UPDATE: President Donald Trump has signed a $15 billion disaster aid bill, which will also raise the federal debt ceiling and keep the government open through Dec. 8, NBC News reported. The bill, issued in response to damage wrought last week by Hurricane Harvey, includes $7.4 billion for direct relief aid, $7.4 billion in disaster-related community block grants and $450 million for small business disaster loans.
The House of Representatives passed a bill last week that aimed to provide nearly $8 billion of aid to those affected by Hurricane Harvey, Politico reported. The Senate then followed with its legislation, which nearly doubled the aid amount, before the House approved the measure, sending it to the president for his signature.
The Senate bill included a three-month caveat to fund the government and raise the debt ceiling, a deal prompted by the president's negotiations with Senate Democrats, according to The Washington Post. More funds will likely be allocated to Hurricane Harvey relief efforts, likely on par with the more than $100 billion in aid supplied after Hurricane Katrina. Damage wrought by Hurricane Irma in Florida will add additional expense.
It was crucial that a disaster relief bill be presented to the president for signature last week as Federal Emergency Management Agency (FEMA) funding would have run out last Friday, Bloomberg reported.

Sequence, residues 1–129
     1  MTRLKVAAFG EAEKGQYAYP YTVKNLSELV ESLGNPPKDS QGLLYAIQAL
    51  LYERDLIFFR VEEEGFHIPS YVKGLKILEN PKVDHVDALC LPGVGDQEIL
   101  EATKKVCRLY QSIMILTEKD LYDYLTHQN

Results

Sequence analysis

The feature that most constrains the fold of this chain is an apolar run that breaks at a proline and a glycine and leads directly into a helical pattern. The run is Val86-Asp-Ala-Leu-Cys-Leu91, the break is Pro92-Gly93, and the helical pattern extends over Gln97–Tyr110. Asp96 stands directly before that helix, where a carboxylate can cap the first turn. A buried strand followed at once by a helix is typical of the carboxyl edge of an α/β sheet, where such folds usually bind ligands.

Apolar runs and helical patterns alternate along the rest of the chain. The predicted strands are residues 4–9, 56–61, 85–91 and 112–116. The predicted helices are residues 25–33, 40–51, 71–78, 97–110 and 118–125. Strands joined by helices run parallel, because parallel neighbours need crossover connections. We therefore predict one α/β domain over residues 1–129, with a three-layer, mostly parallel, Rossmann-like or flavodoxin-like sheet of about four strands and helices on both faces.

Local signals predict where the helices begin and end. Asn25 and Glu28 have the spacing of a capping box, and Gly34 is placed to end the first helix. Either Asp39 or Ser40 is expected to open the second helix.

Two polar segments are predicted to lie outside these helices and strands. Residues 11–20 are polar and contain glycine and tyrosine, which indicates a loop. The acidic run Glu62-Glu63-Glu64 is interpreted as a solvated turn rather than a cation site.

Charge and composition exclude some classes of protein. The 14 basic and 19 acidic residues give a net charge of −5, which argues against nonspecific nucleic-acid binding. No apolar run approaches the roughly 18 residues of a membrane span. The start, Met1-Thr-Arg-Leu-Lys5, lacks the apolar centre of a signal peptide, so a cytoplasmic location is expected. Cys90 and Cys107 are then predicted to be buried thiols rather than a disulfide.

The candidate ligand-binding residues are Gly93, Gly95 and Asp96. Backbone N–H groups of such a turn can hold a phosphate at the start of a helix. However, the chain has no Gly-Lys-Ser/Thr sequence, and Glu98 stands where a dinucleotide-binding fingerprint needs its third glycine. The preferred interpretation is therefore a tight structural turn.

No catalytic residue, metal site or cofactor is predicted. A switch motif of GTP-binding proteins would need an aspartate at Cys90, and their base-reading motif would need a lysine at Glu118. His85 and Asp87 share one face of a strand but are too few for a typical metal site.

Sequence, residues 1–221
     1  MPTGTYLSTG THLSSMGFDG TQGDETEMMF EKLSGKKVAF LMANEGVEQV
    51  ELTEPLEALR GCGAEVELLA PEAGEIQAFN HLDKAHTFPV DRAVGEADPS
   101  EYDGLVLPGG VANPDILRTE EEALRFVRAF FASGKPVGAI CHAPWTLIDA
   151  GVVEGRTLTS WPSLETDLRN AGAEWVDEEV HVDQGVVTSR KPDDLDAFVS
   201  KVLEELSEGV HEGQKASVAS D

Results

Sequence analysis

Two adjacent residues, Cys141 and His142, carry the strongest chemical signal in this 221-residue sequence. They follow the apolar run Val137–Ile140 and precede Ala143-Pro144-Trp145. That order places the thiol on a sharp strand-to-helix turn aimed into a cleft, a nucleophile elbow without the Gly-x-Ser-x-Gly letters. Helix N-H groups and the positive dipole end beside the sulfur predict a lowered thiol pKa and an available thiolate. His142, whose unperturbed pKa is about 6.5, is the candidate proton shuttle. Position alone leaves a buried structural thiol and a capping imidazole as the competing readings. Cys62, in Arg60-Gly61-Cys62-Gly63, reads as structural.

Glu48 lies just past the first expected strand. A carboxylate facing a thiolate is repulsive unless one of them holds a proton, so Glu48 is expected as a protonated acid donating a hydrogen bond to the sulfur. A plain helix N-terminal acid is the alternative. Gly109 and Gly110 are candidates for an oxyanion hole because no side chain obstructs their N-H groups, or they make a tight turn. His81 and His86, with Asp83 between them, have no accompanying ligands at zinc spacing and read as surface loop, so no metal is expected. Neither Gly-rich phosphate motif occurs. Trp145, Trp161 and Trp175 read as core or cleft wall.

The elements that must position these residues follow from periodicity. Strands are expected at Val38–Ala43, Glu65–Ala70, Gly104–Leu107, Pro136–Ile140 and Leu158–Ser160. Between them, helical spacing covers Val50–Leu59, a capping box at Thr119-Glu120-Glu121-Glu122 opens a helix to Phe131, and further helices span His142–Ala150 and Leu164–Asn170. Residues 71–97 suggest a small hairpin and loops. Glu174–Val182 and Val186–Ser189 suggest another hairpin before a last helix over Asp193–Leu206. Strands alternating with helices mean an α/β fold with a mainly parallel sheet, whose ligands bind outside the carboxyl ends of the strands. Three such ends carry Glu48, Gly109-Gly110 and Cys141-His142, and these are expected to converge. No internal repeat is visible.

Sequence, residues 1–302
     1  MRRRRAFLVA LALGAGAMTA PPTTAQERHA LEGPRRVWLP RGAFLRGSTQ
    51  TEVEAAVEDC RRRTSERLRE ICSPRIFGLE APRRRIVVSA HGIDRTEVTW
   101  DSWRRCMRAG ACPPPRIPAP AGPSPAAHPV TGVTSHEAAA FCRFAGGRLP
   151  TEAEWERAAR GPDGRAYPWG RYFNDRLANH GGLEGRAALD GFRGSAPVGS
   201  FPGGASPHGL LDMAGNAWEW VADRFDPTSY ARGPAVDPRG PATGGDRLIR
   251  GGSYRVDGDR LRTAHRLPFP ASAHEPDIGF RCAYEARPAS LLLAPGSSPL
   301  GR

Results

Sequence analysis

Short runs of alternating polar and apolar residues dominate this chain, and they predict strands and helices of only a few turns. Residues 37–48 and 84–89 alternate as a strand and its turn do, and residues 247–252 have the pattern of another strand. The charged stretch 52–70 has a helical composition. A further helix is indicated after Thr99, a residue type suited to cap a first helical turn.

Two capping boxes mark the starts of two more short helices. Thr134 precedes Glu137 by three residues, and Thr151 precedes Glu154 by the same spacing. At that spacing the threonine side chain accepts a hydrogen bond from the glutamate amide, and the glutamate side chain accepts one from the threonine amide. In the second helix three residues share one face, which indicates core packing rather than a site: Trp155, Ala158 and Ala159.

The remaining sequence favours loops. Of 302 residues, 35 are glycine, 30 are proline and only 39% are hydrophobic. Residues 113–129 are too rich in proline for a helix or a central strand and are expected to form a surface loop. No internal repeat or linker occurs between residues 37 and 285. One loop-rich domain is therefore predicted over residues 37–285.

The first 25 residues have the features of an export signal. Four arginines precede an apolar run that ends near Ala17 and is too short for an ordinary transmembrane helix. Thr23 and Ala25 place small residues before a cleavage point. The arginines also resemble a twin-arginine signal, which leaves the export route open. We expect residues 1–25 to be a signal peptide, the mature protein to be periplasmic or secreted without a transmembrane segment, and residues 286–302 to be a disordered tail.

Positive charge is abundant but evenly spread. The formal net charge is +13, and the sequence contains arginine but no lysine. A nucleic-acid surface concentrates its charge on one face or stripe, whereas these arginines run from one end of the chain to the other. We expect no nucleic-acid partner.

The Harvey bill pushes back the potential government shutdown debate over border wall construction and other contentious policy issues to December. Earlier this month, the president said he would veto any spending bill that did not include the $1.6 billion he requested to start construction on the U.S.–Mexico border wall, although, in the wake of Harvey, he eased back on that rhetoric.
Moody’s estimates that total costs related to Harvey in southeast Texas alone could hit $75 billion for property and related economic damage. An AccuWeather analysis determined that actual costs could be more than double that amount.
According to commercial real estate research firm CoStar Group, Harvey-related damage to commercial property in Houston could reach $55 billion and affect up to 27% of the city's commercial real estate market. This represents as many as 12,000 commercial properties — multifamily, office, retail and industrial — totaling 400 million square feet.
More than half of residential and commercial properties in Houston at high or moderate risk of flooding are not included in FEMA's Special Flood Hazard Areas, CoreLogic found. Properties outside those zones aren't required to carry flood insurance, which means many Harvey victims who did not voluntarily opt for coverage will have to pay for damages and repairs themselves.
Because President Trump rescinded the Obama-era Federal Flood Risk Management Standard, those receiving federal aid to rebuild will not have to adhere to the more stringent Obama-era resiliency standards. Critics of the president's decision to roll back that regulation say it could make the newly rebuilt properties more susceptible to flooding in the future and increase repair costs.